Using only single copy regions of the genome/transcriptome would give you a better idea of the true single copy coverage. When you take the average coverage of the genome/transcriptome, you are also introducing values from copy number variable genomic regions and/or highly homologous gene families. In this sense, your estimation of background coverage will be skewed higher, and thus, your copy number estimates will be lower (because background coverage is denominator). Does that make sense? It's worth putting the effort into being confident about your background coverage.
                    When I estimated the average coverage of the genome, I didn't take the value of the average coverage of all contigs, but rather found a 20kb region where the coverage is pretty evenly distributed, and took the average of that. In fact, most of the contigs have that coverage in most of their regions, I checked in a couple of other locations that do not look like they are repetitive.

                    It is slightly lower than the average coverage of all contigs, but that makes sense.

                    Really, my biggest problem is that in my ORFs, there are pairs of ORFs that have 90-100% pairwise identity at the nt level. This analysis would be more successful if such ORFs had their duplicates removed. Because 90% identity, we would still consider it the same gene that likely got duplicated.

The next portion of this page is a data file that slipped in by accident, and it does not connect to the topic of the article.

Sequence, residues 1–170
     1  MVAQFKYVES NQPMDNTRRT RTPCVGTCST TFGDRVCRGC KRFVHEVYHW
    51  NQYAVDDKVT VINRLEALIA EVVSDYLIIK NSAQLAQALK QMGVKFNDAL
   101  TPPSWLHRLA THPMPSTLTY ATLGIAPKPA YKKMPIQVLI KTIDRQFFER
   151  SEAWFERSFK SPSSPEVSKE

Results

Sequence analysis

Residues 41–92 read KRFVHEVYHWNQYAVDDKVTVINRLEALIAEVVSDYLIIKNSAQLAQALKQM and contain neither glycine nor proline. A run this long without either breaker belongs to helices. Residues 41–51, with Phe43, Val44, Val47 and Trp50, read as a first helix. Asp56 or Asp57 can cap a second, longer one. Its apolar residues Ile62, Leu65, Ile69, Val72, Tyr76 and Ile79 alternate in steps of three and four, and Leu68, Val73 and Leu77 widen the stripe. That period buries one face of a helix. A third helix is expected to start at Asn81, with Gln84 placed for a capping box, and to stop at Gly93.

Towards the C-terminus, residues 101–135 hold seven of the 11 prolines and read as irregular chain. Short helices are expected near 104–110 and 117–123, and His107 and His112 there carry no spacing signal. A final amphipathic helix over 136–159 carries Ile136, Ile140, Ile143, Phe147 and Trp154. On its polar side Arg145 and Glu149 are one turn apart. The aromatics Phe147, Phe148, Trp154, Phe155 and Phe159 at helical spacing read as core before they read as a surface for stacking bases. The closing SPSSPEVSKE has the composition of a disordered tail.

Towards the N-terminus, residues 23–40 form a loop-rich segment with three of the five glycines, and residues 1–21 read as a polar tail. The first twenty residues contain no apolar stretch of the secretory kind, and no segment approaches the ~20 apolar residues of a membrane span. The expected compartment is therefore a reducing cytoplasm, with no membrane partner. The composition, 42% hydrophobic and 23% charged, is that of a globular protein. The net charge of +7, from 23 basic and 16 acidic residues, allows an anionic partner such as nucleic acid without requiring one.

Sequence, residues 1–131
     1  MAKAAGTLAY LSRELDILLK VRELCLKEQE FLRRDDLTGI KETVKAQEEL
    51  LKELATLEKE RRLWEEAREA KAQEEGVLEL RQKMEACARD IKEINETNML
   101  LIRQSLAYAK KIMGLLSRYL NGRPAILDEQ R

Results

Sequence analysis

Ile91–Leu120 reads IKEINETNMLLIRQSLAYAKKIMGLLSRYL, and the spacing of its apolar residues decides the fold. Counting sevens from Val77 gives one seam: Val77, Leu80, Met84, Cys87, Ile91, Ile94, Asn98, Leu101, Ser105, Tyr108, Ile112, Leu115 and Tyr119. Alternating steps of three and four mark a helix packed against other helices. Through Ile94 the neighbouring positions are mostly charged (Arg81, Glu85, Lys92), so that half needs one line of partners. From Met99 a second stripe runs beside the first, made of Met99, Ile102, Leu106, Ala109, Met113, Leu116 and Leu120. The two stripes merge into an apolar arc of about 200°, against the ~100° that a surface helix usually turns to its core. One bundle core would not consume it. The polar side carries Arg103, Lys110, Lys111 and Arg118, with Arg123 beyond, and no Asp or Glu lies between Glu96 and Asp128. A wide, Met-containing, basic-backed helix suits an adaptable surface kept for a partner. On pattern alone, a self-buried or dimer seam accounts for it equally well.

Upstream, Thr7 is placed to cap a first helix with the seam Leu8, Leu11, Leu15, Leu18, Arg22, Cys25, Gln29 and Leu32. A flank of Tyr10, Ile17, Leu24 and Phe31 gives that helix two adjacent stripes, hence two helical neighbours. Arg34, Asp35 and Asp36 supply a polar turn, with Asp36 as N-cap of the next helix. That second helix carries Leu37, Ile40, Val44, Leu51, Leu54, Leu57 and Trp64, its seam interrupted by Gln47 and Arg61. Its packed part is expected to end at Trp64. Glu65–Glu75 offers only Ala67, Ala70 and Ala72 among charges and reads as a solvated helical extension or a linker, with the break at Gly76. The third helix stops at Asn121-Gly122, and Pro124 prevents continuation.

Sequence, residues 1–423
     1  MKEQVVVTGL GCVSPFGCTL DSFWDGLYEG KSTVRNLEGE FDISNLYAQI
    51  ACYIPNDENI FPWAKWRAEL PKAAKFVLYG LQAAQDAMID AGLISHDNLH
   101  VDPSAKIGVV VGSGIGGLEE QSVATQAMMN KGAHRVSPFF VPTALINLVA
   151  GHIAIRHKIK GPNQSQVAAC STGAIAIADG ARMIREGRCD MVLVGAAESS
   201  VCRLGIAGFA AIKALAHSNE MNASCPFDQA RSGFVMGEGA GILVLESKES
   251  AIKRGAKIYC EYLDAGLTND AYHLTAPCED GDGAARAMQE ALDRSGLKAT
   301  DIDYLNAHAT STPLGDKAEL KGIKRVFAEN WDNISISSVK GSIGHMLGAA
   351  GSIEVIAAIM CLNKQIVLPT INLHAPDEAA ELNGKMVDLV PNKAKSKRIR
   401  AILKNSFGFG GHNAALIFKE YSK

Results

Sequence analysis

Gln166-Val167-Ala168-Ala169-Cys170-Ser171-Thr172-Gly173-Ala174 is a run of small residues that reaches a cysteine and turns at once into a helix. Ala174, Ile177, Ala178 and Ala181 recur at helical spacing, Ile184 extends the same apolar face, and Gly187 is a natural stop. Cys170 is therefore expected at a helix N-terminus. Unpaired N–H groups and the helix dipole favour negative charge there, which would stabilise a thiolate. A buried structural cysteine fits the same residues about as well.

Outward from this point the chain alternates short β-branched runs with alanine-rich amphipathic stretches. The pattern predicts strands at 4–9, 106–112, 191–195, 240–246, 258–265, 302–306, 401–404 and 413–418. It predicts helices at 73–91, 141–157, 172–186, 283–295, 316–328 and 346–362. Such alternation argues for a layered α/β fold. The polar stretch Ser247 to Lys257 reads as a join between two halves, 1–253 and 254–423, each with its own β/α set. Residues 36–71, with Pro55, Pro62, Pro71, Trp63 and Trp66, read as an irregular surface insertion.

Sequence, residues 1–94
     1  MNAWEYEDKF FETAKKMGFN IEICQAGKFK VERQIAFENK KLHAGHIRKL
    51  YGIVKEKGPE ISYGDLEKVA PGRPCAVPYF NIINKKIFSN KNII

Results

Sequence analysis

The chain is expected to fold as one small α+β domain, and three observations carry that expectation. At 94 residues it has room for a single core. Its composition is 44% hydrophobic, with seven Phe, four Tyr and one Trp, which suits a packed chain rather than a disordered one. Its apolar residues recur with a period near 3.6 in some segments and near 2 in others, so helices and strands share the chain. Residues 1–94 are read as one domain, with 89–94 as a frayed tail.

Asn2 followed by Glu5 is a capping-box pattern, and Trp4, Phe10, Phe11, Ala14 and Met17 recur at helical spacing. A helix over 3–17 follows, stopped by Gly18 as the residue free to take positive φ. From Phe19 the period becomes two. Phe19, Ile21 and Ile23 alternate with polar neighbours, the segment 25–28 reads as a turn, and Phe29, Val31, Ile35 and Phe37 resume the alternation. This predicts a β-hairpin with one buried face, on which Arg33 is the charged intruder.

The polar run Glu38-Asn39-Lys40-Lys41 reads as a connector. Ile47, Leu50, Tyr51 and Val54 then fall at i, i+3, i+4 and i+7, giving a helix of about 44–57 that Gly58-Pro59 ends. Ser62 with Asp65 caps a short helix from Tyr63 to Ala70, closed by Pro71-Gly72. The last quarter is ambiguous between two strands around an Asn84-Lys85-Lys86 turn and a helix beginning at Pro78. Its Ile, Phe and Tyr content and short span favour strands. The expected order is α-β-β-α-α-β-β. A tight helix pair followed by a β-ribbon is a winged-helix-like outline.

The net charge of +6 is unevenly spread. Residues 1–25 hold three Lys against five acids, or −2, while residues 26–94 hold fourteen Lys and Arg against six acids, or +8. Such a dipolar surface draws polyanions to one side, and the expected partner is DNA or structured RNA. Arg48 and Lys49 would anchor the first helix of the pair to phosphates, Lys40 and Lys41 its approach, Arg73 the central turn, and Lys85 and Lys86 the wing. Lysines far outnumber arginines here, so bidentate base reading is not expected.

So if I do map my reads to the entire assembly, and extract coverage of ORFs, I will select the option that allows a read to map to multiple locations? Otherwise if a gene has 4 copies, and only 2 are present in the assembly, each of those 2 ORFs will look like it has 2 copies, when in fact it's one ORF with 4 copies?

                    Comment


                    • #11
                      I am using you could use a statistical approach for coverage. A very simplistic approach could assume reads to be poisson distributed and therefore you could look at deviations from the average coverage. So if the average coverage is L, two copies would generate 2L and 3 copies 3L and so on. Based on the average and the variance you could test whether the mean at a location is 2L or 3L etc to get an estimate for the number of copies

                      Comment


                      • #12
                        Originally posted by AdrianP View Post
                        When I estimated the average coverage of the genome, I didn't take the value of the average coverage of all contigs, but rather found a 20kb region where the coverage is pretty evenly distributed, and took the average of that. In fact, most of the contigs have that coverage in most of their regions, I checked in a couple of other locations that do not look like they are repetitive.

                        It is slightly lower than the average coverage of all contigs, but that makes sense.

                        Really, my biggest problem is that in my ORFs, there are pairs of ORFs that have 90-100% pairwise identity at the nt level. This analysis would be more successful if such ORFs had their duplicates removed. Because 90% identity, we would still consider it the same gene that likely got duplicated.